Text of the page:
I got excited about Wayward Pines last year. The premise (what we knew of it at the outset) was intriguing. The cast was excellent. M. Night Shyamalan was a key player. And it really, really appealed to me that it was 10 episodes up, 10 episodes down, and done. I waived my usual no-first-run-TV rule because of that. Set the DVR, start it 22 minutes late so I can zap commercials, and go.
See, though, the 10-episode characteristic was important in a number of ways. For one thing, there was no time to waste. The writing and the direction were taut indeed. When you have seven actual hours to tell a story, the television comes out lean as turkey bacon.
For another, I know where I am for big things. When the big reveal comes in episode five, I know there’s probably not another one. When there are loose ends in episode eight, I know I’m not far from resolution.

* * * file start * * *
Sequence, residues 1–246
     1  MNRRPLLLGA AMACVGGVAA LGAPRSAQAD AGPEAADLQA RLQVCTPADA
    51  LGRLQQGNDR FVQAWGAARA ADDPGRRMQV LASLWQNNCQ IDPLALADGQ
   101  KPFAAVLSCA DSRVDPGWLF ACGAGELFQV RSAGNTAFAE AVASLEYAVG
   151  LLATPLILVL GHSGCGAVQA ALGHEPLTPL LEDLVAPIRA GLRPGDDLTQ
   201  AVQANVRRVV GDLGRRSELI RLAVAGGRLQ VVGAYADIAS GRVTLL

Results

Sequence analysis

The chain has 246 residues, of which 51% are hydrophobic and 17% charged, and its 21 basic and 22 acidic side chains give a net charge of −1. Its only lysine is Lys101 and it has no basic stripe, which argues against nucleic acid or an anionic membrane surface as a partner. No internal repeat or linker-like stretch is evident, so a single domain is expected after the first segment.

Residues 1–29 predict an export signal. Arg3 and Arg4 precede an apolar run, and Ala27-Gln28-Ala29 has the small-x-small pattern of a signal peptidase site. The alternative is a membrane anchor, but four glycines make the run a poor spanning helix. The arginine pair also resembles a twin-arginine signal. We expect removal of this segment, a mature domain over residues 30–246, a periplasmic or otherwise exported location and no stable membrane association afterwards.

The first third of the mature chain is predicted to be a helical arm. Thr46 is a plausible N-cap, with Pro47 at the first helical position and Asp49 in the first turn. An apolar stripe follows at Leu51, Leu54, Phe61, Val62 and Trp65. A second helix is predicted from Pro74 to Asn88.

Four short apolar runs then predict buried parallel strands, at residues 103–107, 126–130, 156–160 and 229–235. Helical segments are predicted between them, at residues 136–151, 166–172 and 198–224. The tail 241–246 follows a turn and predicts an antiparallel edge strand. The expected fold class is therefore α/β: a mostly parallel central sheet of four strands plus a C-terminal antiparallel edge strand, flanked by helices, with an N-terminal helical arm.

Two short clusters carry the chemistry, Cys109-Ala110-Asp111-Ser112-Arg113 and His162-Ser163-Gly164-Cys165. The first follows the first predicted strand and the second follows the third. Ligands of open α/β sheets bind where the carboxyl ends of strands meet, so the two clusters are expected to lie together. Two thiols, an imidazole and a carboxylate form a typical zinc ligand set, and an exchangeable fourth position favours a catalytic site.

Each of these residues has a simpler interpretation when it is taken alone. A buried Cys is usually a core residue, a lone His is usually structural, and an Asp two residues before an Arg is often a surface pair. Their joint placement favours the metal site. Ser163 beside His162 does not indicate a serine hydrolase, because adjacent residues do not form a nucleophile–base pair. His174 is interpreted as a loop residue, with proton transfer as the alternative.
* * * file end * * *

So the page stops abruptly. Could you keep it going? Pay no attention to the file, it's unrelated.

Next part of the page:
There was too much that appealed to me about the original run that inherently cannot be reproduced in a second season.
I watched the first episode of the second season tonight. It was skillfully written, directed, and produced. It was a good 42 to 44 minutes of high-quality thriller television.
But I understand all of the major trappings of the community of Wayward Pines now. I know what I’m looking at.
I hate it, but I think that’s fatal to my interest in the show. What I saw tonight could have been any show with good guys and bad guys. The backdrop, the details—they’re all there, but I know them now. There isn’t enough novelty or mystery in front of or around them to keep me.
I can’t stay. I’m sorry. Thanks for a great first season.
But I think we should see other people.